To a distant observer, these joint roles might seem to indicate that Hollywood is moving away from the raw individualism of its golden era toward a kind of teamthink. But most power-sharing executives don't see it that way; rather, they believe their partnerships reflect the growing complexity of the business itself and the enormously more-encompassing nature of their jobs.

"The activities of a studio span from the earliest development to the newest technology and everything in between," Gianopulos says. "It's a global business of production, and marketing, and cable television sales, and international and home entertainment, and video games and all the various permutations of creating and delivering content. And when you talk about an organism that complex, it requires people to be able to work in a variety of roles."

Requiring an executive team? "No," he says. "It needs about 3,000."

But, he continues, "There is that thing about two heads being better than one, which is an old cliche but happens to be correct. The complexity of the issues you face does require that there is someone to bounce ideas off of and share guidance with."

Adds Pascal: "The job has gotten so difficult, and you have to have so much information, and there are so many things to take care of and so many people you are dealing with (that a partnership helps). And it is also good to have somebody who tells you the truth. When your livelihood and that person's are both depending on it, you get really honest with each other."

The shift toward shared responsibility first became evident at Warner Bros. in the 1990s, when then-chairman and CEO Robert Daly elevated his longtime deputy Terry Semel to be his equal. Theirs became a partnership of legendary success, which not only spawned a host of successful movies but defined Warners as one of the best-run studios in town.

"Bob and Terry had a very transparent relationship," one of their key lieutenants, Bill Gerber, remembers. "Neither of them had an agenda, and they were truly partners from the very beginning. And they both had different strengths: Bob had more of a television career; Terry had more of a film career. They both knew a lot about each other's business, but they played to those strengths and let the guy who knew more about a situation make the ultimate decision. It was very seamless."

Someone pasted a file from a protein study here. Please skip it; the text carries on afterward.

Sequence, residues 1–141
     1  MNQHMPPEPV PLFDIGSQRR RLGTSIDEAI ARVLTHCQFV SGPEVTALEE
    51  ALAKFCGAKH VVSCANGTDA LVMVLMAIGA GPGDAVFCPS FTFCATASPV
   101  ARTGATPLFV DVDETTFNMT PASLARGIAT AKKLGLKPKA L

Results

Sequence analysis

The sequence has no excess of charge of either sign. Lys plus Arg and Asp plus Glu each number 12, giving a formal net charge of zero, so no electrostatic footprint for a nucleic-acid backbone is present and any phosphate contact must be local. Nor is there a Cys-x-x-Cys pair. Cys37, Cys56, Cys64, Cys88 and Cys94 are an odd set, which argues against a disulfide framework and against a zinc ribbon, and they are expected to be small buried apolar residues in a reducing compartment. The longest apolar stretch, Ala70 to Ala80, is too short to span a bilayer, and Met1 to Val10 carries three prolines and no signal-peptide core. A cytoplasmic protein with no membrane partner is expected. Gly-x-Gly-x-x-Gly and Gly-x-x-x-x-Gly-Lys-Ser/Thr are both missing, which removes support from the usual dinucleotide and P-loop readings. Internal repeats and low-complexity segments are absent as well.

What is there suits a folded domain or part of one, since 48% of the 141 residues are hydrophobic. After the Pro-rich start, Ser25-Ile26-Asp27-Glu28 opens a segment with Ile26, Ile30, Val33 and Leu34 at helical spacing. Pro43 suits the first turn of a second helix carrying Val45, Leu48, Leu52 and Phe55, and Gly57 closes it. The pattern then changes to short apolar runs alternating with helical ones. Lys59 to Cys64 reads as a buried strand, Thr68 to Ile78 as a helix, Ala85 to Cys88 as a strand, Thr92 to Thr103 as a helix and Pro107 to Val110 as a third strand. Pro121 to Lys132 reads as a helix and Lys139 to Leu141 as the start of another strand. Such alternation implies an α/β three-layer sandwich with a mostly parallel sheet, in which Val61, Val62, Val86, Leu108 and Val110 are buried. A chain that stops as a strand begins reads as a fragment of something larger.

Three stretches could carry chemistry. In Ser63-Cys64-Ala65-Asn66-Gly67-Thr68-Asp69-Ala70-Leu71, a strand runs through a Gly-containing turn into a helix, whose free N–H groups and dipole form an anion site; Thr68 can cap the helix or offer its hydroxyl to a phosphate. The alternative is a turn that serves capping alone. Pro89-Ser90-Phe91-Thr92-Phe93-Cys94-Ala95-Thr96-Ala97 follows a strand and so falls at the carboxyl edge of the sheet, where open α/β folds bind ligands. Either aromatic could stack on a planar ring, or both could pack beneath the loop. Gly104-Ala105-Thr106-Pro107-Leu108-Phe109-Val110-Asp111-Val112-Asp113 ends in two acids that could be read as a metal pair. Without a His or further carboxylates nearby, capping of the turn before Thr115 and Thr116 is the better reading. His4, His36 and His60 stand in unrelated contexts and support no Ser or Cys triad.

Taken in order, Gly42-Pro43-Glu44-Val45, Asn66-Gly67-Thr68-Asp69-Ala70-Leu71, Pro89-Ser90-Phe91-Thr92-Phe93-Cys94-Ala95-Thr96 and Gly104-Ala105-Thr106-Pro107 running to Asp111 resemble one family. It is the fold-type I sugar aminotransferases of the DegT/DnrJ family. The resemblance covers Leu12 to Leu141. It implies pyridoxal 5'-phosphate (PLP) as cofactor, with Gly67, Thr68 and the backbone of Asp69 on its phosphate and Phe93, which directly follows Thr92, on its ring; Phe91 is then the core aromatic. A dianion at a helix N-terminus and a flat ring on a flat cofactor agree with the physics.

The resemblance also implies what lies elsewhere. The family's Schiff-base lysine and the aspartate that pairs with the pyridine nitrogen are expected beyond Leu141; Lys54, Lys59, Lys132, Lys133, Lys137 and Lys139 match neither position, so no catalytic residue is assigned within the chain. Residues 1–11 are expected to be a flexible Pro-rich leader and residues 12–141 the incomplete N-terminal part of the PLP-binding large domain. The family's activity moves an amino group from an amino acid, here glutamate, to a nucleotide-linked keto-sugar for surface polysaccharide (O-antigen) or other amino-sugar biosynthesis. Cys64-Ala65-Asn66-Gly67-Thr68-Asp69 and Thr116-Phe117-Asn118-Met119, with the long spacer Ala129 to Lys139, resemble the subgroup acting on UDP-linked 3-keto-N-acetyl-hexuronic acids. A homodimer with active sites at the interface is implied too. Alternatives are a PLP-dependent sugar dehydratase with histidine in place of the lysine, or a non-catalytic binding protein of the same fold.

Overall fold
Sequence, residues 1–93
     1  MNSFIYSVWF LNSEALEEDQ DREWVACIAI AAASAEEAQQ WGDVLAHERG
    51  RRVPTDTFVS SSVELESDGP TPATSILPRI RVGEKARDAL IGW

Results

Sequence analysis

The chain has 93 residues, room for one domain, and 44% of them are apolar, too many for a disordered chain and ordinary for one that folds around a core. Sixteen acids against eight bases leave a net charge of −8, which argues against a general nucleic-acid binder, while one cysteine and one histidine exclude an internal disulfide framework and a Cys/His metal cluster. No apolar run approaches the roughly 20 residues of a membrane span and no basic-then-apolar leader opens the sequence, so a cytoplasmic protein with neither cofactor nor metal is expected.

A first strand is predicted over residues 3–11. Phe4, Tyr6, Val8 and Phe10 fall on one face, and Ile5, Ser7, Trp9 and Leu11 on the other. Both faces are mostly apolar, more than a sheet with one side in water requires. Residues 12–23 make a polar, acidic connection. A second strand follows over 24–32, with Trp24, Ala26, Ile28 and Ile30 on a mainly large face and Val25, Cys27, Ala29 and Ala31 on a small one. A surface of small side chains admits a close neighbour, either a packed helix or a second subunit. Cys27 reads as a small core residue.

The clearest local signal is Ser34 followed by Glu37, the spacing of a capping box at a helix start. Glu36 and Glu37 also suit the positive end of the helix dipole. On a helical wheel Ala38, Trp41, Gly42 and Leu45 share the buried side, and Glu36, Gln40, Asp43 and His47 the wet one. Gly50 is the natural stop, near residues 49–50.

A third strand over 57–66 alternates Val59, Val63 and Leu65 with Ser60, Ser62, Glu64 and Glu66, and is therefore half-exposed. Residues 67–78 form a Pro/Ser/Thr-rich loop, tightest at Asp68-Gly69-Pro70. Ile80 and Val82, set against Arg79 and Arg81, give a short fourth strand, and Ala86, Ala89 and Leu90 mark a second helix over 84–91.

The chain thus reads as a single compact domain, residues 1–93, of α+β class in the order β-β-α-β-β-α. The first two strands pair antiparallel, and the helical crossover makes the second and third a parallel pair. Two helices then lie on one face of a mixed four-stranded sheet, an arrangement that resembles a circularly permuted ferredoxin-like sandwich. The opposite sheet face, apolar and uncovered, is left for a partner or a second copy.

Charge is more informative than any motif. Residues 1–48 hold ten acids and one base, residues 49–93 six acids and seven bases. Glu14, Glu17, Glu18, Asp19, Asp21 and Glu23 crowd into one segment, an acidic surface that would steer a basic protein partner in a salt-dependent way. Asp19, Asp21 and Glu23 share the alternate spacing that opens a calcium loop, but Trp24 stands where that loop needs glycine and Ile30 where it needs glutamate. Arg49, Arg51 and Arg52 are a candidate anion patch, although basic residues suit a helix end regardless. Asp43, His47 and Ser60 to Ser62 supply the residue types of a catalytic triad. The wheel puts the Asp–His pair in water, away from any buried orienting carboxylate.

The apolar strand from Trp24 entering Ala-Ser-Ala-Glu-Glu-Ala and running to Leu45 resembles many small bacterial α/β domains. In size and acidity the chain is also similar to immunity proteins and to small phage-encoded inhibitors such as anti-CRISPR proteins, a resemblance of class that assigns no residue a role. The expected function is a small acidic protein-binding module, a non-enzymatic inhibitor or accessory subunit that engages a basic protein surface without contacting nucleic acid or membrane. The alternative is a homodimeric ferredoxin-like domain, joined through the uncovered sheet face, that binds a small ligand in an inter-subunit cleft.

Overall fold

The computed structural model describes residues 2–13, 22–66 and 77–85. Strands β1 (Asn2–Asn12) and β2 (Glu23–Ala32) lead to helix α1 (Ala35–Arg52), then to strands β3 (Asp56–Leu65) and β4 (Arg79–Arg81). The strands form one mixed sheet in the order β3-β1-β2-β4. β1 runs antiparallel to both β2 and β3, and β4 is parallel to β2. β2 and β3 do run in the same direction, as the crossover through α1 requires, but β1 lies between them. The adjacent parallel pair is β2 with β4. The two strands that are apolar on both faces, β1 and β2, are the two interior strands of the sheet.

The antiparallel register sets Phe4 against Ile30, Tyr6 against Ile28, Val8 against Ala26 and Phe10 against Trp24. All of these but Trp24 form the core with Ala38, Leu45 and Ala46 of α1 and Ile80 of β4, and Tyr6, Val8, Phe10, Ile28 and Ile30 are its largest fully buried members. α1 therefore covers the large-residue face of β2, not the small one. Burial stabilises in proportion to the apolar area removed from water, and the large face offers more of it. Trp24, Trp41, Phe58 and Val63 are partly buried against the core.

Despite the fact that Semel started as Daly's deputy, Gerber continues, "When they became partners, it was 50/50, and you never saw Bob pull rank. They were really unique guys; they figured it out and left their egos at the door."

Flush with their own success, Daly and Semel attempted to brand their working relationship on the system they oversaw by promoting two executive vps, Gerber and Lorenzo di Bonaventura, to presidents of production after Bruce Berman exited the studio. It was an unmitigated failure, an unruly situation fueled by rivalry and uncertainty, with most insiders assuming one of the two men would ultimately win out over the other -- which eventually happened when Gerber left to become an independent producer.

"We never did a good job of dividing up the work," Gerber recalls. "We ran into each other way too often on too many things. The beauty of Bob and Terry was, they just found a way never to contradict each other and never to bring any of their personal agenda into the work. And we never figured out how to do that. We were both saying yes to stuff, no to stuff. People were playing us off each other."

Unlike their mentors, Gerber and di Bonaventura essentially brought the same skill set to the table: Each came from a background in production and development; each had grown up within the studio system -- in contrast to, say, Pascal and Sony Pictures Entertainment chairman and CEO Michael Lynton, where one has training in production and the other has a business background.